Lex Nederbragt, a bioinformatician at the University of Oslo, who was not involved in the study said in an email that from a first look at the paper, the technology seemed to be "potentially a welcome addition to the range of technologies for long-range genomic mapping." He added that researchers will now need to figure out the "best combination of long reads and genomic maps that are optimal for our genome assembly project, as there does not yet seem to be a one-size-fits-all solution."
As previously reported, Nabsys researchers have also used its technology on reference samples from the National Institute of Standards and Technology's Genome in a Bottle consortium. And, in the BioRxiv paper, they described the technology, SV-Verify, that they used.
The SV-Verify software includes support vector machines (SVMs) for systematic and automated evaluation of putative structural variants. In the paper, they demonstrated SV-Verify on the well-characterized NA12878 reference sample from NIST's Genome in a Bottle project, as well as on another sample known as NA24385.
The SV-Verify software uses a hypothesis-based strategy to determine the likelihood that a potential deletion exists. For each putative deletion, the software identifies the chromosome, the start of the deletion, its size, and assigns it an SVM score.
The researchers first used the NA12878 sample to train their SVMs for deletion calling. They used deletions in the sample that were larger than 300 base pairs and that had been called by at least four technologies. After training the algorithms, the researchers tested it on a different genome, the NA24385. As expected, they found that the technology had a higher rate of confirmation for deletions that had also been called by more than one technology.
Bready said that the same method can be used to call other types of structural variants, such as insertions, inversions, and translocations. And ultimately, at launch, he said that the SV-Verify will have a sensitivity of more than 92 percent and a specificity of 97 percent for structural variants greater than 1,000 base pairs.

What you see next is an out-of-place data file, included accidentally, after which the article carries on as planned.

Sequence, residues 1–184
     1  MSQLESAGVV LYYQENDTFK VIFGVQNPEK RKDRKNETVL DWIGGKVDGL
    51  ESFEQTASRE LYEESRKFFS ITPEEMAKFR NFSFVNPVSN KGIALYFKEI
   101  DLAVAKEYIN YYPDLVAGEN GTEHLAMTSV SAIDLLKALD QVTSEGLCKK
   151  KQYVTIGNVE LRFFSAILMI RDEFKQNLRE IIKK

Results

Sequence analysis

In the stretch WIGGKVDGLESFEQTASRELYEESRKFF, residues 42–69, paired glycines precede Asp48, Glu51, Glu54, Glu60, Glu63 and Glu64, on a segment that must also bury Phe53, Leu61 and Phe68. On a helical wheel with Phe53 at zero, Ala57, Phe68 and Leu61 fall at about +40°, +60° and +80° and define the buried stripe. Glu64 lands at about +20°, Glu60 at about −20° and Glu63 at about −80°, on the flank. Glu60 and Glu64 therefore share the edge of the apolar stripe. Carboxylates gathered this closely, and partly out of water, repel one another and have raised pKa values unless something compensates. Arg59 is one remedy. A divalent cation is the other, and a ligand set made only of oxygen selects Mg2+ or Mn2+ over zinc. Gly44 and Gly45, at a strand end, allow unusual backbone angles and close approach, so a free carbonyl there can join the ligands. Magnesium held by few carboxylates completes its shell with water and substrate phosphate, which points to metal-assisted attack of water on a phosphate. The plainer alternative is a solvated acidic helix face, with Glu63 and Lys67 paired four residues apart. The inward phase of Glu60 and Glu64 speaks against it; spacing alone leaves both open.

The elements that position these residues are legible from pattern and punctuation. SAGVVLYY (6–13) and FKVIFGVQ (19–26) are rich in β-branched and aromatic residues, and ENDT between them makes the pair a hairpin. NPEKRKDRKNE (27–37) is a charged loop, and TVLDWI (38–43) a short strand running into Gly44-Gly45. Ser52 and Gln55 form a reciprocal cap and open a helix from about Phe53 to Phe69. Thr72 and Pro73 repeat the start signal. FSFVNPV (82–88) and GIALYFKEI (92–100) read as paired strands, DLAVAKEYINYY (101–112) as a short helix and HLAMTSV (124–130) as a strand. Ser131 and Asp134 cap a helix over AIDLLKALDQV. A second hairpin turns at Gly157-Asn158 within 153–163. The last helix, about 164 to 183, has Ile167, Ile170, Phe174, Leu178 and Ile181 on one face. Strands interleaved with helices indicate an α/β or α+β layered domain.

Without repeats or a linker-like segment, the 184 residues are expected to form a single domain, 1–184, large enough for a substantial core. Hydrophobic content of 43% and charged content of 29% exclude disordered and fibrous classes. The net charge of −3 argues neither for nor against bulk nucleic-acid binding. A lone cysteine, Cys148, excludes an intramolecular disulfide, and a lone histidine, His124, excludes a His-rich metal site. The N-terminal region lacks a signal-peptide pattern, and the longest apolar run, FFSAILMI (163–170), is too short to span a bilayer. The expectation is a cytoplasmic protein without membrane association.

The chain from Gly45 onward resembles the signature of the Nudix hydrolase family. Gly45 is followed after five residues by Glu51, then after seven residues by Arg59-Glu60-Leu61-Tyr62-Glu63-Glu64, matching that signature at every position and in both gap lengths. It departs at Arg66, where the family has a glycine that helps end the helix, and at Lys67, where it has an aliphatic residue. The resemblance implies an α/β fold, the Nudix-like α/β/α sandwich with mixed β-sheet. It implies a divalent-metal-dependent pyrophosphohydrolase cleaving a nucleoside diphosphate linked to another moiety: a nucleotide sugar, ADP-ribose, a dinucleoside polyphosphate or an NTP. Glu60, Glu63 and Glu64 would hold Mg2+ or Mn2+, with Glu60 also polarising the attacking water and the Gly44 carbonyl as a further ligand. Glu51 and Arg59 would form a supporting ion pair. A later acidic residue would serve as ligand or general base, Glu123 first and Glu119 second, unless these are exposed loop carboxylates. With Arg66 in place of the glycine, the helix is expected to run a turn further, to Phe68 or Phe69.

Bready said that from talking with early collaborators, researchers will use the instrument for two main purposes at launch: in combination with short-read sequencing technology to call larger structural variants and construct better assemblies; and also on its own to perform structural variant genome-wide association studies. He said that the Nabsys instrument would enable low-cost structural variant detection much the same way that microarrays enabled low-cost genome-wide detection of SNPs.
"A lot of missing genetic information is structural, and so researchers want to do the same types of studies they did with microarrays," only looking at structural variants, Bready said. The Nabsys instrument "will be accurate and cheap enough to do it at scale."
In its collaboration with the CDC, Nabsys researchers generated de novo assembled genome maps for 12 epidemic strains of B. pertussis. The strains "vary in pathogenicity and in response to vaccines," Bready said. But, short-read sequencing of the strains that respond and don't respond to vaccines did not identify any differences. With the Nabsys instrument though, "you see clearly the structural variant differences between them," he said.
When it launches, the company will have to compete with established players like BioNano Genomics, which markets the optical mapping systems Irys and Saphyr. In addition, the company would likely also compete with both Pacific Biosciences and Oxford Nanopore Technologies. Researchers have increasingly been using PacBio's Sequel and Oxford's MinIon instruments for structural variant detection and de novo assembly. Nonetheless, Bready said that he thinks there is a lot of room for improvement in the field and that Nabsys will be able to compete on both cost and performance.